WILLIAM C. MERRITT, JR. and ARCHIE L. KEE, Plaintiffs,
JOSEPH R. BIDEN, III, et al., Defendants.
William C. Merritt, Jr. and Archie L. Kee, Garysburg, North Carolina, Pro Se Plaintiffs.
LEONARD P. STARK, District Judge.
Plaintiffs William C. Merritt, Jr. ("Merritt") and Archie L. Kee ("Kee") (together "Plaintiffs") filed this action pursuant to 42 U.S.C. § 1983 alleging violations of their constitutional rights. They appear pro se and have been granted leave to proceed in forma pauperis. (D.I. 6) The Court reviewed and screened the Complaint pursuant to 28 U.S.C. § 1915 and allowed Plaintiffs to proceed against Defendant Corporal Brietzke ("Brietzke"). Plaintiffs have filed an Amended Complaint adding as a defendant Joseph R. Biden, III ("Biden"), the Attorney General of the State of Delaware. The Court proceeds to review and screen the Amended Complaint.
The allegations in the Amended Complaint are similar to those found in the original Complaint. Plaintiffs now add that Biden did not follow proper due process. ( See D.I. 9)
III. LEGAL STANDARDS
This Court must dismiss, at the earliest practicable time, certain in forma pauperis actions that are frivolous, malicious, fail to state a claim, or seek monetary relief from a defendant who is immune from such relief. See 28 U.S.C. § 1915(e)(2). The Court must accept all factual allegations in a complaint as true and take them in the light most favorable to a pro se plaintiff. See Erickson v. Pardus, 551 U.S. 89, 93 (2007); Phillips v. County of Allegheny, 515 F.3d 224, 229 (3d Cir. 2008). Because Plaintiffs proceed prose, their pleading is liberally construed and their Complaint, "however inartfully pleaded, must be held to less stringent standards than formal pleadings drafted by lawyers." Erickson, 551 U.S. at 94 (internal quotation marks omitted).
An action is frivolous if it "lacks an arguable basis either in law or in fact." Neitzke v. Williams, 490 U.S. 319, 325 (1989). Under 28 U.S.C. § 1915(e)(2)(B)(i), a court may dismiss a complaint as frivolous if it is "based on an indisputably meritless legal theory" or a "clearly baseless" or "fantastic or delusional" factual scenario. Neitzke, 490 at 327-28; see also Wilson v. Rackmill, 878 F.2d 772, 774 (3d Cir. 1989); Deutsch v. United States, 67 F.3d 1080, 1091-92 (3d Cir. 1995) (holding frivolous a suit alleging that prison officials took inmate's pen and refused to give it back).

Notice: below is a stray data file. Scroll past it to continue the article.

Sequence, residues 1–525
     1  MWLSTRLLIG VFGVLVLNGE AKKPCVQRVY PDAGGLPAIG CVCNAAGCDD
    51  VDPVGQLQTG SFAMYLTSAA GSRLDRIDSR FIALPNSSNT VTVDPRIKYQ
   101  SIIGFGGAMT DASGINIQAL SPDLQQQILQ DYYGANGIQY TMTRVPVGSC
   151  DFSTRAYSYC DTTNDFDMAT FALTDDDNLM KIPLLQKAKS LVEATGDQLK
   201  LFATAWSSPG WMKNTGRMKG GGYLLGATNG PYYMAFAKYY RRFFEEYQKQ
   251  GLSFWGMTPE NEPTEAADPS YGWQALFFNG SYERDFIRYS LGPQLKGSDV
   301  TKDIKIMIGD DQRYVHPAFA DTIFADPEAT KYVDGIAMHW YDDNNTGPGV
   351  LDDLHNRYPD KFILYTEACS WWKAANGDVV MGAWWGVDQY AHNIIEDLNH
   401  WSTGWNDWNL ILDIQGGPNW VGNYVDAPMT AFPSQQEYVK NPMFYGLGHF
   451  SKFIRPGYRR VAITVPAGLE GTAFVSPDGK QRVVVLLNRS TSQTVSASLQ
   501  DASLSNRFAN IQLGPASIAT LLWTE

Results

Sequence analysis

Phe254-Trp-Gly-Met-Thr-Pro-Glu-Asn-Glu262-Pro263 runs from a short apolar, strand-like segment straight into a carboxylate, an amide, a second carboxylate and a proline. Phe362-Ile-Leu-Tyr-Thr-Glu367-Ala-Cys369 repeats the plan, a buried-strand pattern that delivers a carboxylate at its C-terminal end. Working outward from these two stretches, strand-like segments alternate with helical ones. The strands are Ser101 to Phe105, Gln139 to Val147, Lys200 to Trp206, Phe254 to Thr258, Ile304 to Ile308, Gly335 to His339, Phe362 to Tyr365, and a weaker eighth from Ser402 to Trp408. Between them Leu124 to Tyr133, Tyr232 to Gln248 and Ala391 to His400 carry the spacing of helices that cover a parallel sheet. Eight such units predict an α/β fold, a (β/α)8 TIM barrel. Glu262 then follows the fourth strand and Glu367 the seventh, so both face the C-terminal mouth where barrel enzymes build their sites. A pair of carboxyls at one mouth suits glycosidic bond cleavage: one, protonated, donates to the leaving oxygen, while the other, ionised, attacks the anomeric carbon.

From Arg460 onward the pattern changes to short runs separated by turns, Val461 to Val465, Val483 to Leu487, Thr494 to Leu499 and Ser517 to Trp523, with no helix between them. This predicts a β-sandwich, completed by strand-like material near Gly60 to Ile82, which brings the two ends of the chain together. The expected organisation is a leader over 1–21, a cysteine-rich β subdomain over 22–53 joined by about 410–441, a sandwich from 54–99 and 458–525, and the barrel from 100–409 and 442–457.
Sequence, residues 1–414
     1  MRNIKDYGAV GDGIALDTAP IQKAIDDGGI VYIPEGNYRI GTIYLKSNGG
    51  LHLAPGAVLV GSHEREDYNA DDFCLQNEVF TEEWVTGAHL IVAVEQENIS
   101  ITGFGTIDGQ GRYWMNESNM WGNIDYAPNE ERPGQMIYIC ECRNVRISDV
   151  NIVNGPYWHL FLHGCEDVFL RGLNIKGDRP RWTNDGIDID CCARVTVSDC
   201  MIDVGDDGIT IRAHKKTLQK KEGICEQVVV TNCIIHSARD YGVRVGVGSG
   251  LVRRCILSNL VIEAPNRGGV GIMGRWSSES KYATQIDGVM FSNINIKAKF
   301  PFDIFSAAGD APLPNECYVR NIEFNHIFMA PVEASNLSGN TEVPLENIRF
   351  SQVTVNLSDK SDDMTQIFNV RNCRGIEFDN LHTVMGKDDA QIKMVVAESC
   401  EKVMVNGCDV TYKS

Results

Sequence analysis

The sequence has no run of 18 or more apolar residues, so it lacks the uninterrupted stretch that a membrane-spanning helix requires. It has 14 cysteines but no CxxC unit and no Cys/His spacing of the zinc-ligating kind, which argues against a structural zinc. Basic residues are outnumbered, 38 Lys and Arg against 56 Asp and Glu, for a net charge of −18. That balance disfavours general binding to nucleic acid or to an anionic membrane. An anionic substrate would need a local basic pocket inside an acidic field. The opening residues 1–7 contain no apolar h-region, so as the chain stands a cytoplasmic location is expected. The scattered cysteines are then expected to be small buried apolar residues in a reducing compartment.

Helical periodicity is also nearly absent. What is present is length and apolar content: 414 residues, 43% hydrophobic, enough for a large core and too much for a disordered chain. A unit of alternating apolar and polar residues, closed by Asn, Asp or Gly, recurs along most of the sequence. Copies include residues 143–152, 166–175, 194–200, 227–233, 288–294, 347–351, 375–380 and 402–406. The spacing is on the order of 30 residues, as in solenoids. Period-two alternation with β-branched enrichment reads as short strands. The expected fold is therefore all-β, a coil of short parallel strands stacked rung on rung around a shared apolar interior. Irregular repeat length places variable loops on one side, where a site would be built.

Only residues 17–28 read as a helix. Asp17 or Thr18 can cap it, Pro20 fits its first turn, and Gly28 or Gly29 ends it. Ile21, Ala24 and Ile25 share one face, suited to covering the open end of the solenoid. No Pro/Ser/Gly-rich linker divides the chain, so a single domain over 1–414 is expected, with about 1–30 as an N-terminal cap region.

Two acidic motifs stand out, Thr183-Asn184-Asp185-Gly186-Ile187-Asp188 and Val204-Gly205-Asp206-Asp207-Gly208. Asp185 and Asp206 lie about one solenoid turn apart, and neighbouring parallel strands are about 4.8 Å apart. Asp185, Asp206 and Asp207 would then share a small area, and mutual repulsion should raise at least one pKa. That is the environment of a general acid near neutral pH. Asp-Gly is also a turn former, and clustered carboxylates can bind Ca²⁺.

The legal standard for dismissing a complaint for failure to state a claim pursuant to § 1915(e)(2)(B)(ii) is identical to the legal standard used when ruling on Rule 12(b)(6) motions. See Tourscher v. McCullough, 184 F.3d 236, 240 (3d Cir. 1999). However, before dismissing a complaint or claims for failure to state a claim upon which relief may be granted pursuant to the screening provisions of 28 U.S.C. § 1915, the Court must grant a plaintiff leave to amend its complaint, unless amendment would be inequitable or futile. See Grayson v. Mayview State Hasp., 293 F.3d 103, 114 (3d Cir. 2002).
A well-pleaded complaint must contain more than mere labels and conclusions. See Ashcroft v. Iqbal, 556 U.S. 662 (2009); Bell Atl. Corp. v. Twombly, 550 U.S. 544 (2007). When determining whether dismissal is appropriate, the Court conducts a two-part analysis. See Fowler v. UPMC Shadyside, 578 F.3d 203, 210 (3d Cir. 2009). First, the factual and legal elements of a claim are separated. See id. The Court must accept all of the complaint's well-pleaded facts as true, but may disregard any legal conclusions. See id. at 210-11. The assumption of truth is inapplicable to legal conclusions or to "[t]hreadbare recitals of the elements of a cause of action supported by mere conclusory statements." Iqbal, 556 U.S. at 678. Second, the Court must determine whether the facts alleged in the complaint are sufficient to show that the plaintiff has a "plausible claim for relief." Fowler, 578 F.3d at 211. In other words, the complaint must do more than allege the plaintiff's entitlement to relief; rather, it must "show" such an entitlement with its facts. Id. A claim is facially plausible when its factual content allows the Court to draw a reasonable inference that the defendant is liable for the misconduct alleged. See Iqbal, 556 U.S. at 678. The plausibility standard "asks for more than a sheer possibility that a defendant has acted unlawfully." Id. "Where a complaint pleads facts that are merely consistent with' a defendant's liability, it stops short of the line between possibility and plausibility of entitlement to relief.'" Id. (quoting Twombly, 550 U.S. at 570).
The Amended Complaint adds Biden to the caption but does not refer to him again until it alleges in a conclusory manner that he "did not follow proper due process." There are no other allegations directed towards Biden.
Prosecutors should not be encumbered by the threat of civil liability while performing judicial or quasi-judicial functions. See Odd v. Malone, 538 F.3d 202, 208 (3d Cir. 2008). A prosecutor enjoys absolute immunity from liability for actions taken in connection with judicial proceedings. See id., aff'd sub. nom., Schneyder v. Smith, 653 F.3d 313 (3d Cir. 2011). Generally, then, activities conducted in court, such as presenting evidence or legal arguments, are within the scope of prosecutorial immunity. See Giuffre v. Bissell, 31 F.3d 1241, 1251 (3d Cir. 1994) (citing Imbler v. Pachtman, 424 U.S. 409, 430 (1976)). In addition, absolute immunity from § 1983 claims attaches to a prosecutor's decision to initiate a prosecution. See Imbler, 424 U.S. at 424. Prosecutorial activities outside the courtroom ...